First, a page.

• Font – the particular style of text
    • Courier font
    • Helvetica font
    • Palatino font
    • Times Roman font
    •  (special symbol)
    • Size of a font measured in points (1 pt about 1/72”) (vaguely) related to its height
    • This is ten point Helvetica
    • This is twelve point
    • This is fourteen point
    • This is eighteen point
    • and this is twenty-four point
  • Fonts (ctd)
    • Pitch
      • fixed-pitch – every character has the same width
        • e.g. Courier
      • variable-pitched – some characters wider
        • e.g. Times Roman – compare the ‘i’ and the “m”
    • Serif or Sans-serif
      • sans-serif – square-ended strokes
        • e.g. Helvetica
      • serif – with splayed ends (such as)
        • e.g. Times Roman or Palatino
  • Readability of text
    • lowercase
      • easy to read shape of words
    • UPPERCASE
      • better for individual letters and non-words e.g. flight numbers: BA793 vs. ba793
    • serif fonts
      • helps your eye on long lines of printed text
      • but sans serif often better on screen
  • Page Description Languages
    • Pages very complex
      • different fonts, bitmaps, lines, digitised photos, etc.
    • Can convert it all into a bitmap and send to the printer … but often huge !
    • Alternatively Use a page description language
      • sends a description of the page can be sent,
      • instructions for curves, lines, text in different styles, etc.
      • like a programming language for printing!
    • PostScript is the most common
  • Screen and page
    • WYSIWYG
      • what you see is what you get
      • aim of word processing, etc.
    • but …
      • screen: 72 dpi, landscape image
      • print: 600+ dpi, portrait
    • can try to make them similar but never quite the same
    • so … need different designs, graphics etc, for screen and print
  • Scanners
    • Take paper and convert it into a bitmap
    • Two sorts of scanner
      • flat-bed: paper placed on a glass plate, whole page converted into bitmap
      • hand-held: scanner passed over paper, digitising strip typically 3-4” wide
    • Shines light at paper and note intensity of reflection
      • colour or greyscale
    • Typical resolutions from 600–2400 dpi
  • Scanners (ctd)
    • Used in
      • desktop publishing for incorporating photographs and other images
      • document storage and retrieval systems, doing away with paper storage
      • special scanners for slides and photographic negatives
  • Optical character recognition
    • OCR converts bitmap back into text
    • different fonts
      • create problems for simple “template matching” algorithms
      • more complex systems segment text, decompose it into lines and arcs, and decipher characters that way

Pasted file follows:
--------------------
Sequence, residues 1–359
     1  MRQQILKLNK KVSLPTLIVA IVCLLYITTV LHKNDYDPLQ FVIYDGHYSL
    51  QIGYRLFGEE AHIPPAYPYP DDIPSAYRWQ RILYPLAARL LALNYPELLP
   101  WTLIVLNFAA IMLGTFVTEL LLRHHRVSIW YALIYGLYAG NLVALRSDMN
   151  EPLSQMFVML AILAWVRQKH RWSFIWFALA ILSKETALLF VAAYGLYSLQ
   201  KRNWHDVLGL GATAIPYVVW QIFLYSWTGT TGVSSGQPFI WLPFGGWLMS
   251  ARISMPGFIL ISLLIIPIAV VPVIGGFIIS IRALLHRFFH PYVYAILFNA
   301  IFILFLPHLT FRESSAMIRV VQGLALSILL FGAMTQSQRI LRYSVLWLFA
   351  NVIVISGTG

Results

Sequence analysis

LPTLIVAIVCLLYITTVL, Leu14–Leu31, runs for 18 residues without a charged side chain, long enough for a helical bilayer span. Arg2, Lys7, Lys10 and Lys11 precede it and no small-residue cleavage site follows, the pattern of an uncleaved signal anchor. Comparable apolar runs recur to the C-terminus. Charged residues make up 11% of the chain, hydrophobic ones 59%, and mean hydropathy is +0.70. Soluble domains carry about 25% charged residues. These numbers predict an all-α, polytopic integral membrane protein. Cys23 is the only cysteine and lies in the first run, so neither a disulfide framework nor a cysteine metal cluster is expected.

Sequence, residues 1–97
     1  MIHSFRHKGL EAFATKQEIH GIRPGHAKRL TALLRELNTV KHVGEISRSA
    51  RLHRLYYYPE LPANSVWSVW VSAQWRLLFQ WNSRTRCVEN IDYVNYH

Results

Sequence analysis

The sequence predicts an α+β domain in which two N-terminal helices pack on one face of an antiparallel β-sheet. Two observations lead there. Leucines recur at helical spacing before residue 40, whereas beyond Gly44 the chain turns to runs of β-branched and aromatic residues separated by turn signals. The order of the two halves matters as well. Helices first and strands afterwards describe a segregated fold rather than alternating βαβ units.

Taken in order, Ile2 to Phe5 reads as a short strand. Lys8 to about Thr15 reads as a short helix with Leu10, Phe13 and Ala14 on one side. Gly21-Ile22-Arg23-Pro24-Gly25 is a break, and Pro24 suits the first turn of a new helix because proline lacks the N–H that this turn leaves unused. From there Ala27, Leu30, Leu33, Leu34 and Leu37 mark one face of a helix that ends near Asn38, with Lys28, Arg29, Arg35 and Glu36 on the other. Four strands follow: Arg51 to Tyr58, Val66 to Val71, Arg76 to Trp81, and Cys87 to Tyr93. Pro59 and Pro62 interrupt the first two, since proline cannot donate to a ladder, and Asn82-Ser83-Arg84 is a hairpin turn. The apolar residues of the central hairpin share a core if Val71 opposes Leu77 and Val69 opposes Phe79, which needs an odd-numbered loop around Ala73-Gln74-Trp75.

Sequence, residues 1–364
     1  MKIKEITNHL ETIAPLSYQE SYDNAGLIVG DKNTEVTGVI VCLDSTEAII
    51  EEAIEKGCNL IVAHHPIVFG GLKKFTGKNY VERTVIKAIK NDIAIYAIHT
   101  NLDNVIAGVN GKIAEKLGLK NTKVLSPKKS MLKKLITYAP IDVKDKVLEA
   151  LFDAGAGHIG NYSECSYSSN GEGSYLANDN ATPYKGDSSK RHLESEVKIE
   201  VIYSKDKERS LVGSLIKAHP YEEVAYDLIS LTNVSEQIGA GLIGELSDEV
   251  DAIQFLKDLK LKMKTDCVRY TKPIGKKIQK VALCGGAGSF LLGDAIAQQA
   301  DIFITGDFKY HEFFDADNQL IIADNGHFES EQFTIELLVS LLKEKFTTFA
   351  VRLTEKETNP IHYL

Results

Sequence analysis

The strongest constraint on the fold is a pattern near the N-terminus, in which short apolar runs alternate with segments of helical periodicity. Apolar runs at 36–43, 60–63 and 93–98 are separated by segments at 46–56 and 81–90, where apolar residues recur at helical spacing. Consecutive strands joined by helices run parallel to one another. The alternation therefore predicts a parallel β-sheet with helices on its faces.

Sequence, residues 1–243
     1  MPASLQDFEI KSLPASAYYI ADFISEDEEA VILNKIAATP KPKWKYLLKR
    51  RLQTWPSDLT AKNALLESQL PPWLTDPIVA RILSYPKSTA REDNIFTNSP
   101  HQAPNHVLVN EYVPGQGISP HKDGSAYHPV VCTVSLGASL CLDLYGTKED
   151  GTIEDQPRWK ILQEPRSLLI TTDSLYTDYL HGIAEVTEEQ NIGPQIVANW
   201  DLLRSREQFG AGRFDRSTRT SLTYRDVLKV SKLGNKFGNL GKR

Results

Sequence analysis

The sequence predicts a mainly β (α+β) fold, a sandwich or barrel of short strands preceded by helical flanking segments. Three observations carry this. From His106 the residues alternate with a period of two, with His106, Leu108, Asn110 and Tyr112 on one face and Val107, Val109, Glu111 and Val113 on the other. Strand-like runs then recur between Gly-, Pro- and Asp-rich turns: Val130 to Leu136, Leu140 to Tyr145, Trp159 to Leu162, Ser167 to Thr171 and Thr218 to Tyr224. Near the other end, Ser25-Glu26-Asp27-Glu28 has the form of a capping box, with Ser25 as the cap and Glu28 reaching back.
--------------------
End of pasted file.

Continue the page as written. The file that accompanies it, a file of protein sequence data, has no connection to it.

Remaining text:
• page format
      • columns, pictures, headers and footers
  • Paper-based interaction
    • paper usually regarded as output only
    • can be input too – OCR, scanning, etc.
    • Xerox PaperWorks
      • glyphs – small patterns of ///
        • used to identify forms etc.
        • used with scanner and fax to control applications
    • more recently
      • papers micro printed - like wattermarks
        • identify which sheet and where you are
      • special ‘pen’ can read locations
        • know where they are writing
  • memory short term and long term speed, capacity, compression formats, access
  • Short-term Memory - RAM
    • Random access memory (RAM)
      • on silicon chips
      • 100 nano-second access time
      • usually volatile (lose information if power turned off)
      • data transferred at around 100 Mbytes/sec
    • Some non-volatile RAM used to store basic set-up information
    • Typical desktop computers: 64 to 256 Mbytes RAM
  • Long-term Memory - disks
    • magnetic disks
      • floppy disks store around 1.4 Mbytes
      • hard disks typically 40 Gbytes to 100s of Gbytes access time ~10ms, transfer rate 100kbytes/s
    • optical disks
      • use lasers to read and sometimes write
      • more robust that magnetic media
      • CD-ROM - same technology as home audio, ~ 600 Gbytes
      • DVD - for AV applications, or very large files
  • Blurring boundaries
    • PDAs
      • often use RAM for their main memory
    • Flash-Memory
      • used in PDAs, cameras etc.
      • silicon based but persistent
      • plug-in USB devices for data transfer
  • speed and capacity
    • what do the numbers mean?
    • some sizes (all uncompressed) …
      • this book, text only ~ 320,000 words, 2Mb
      • the Bible ~ 4.5 Mbytes
      • scanned page ~ 128 Mbytes
        • (11x8 inches, 1200 dpi, 8bit greyscale)
      • digital photo ~ 10 Mbytes
        • (2–4 mega pixels, 24 bit colour)
      • video ~ 10 Mbytes per second